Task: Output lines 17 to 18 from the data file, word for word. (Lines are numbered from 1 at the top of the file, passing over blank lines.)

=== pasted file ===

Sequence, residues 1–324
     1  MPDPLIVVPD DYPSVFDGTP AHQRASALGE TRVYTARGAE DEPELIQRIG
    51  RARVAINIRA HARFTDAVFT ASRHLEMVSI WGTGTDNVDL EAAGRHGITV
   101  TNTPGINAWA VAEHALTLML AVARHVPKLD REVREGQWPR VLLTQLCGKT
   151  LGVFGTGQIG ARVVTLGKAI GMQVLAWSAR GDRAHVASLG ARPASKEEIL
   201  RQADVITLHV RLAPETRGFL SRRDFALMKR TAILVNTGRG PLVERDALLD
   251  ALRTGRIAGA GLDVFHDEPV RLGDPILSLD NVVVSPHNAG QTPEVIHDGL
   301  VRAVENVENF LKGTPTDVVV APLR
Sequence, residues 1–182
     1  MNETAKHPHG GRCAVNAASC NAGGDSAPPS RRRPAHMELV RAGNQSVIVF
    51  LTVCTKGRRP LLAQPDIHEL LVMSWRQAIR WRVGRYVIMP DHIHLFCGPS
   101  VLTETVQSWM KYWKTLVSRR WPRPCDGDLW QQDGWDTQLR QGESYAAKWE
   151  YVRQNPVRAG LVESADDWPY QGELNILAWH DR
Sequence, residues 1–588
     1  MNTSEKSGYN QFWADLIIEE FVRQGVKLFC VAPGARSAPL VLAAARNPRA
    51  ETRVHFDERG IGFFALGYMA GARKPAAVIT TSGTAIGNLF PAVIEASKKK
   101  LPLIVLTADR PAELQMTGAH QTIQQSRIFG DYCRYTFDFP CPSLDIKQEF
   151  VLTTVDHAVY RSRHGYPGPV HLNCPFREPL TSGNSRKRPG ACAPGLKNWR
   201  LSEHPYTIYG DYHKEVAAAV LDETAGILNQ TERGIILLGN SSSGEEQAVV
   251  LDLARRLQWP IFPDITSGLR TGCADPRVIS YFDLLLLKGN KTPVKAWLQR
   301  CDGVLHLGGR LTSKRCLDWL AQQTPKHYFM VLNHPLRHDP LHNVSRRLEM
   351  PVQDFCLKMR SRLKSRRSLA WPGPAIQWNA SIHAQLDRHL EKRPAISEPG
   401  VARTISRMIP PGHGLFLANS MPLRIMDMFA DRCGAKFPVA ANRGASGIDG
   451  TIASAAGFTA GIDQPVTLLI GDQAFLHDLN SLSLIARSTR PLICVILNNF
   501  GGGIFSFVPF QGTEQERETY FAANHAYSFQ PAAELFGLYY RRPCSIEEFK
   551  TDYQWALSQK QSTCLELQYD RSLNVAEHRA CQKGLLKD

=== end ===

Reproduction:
   101  LPLIVLTADR PAELQMTGAH QTIQQSRIFG DYCRYTFDFP CPSLDIKQEF
   151  VLTTVDHAVY RSRHGYPGPV HLNCPFREPL TSGNSRKRPG ACAPGLKNWR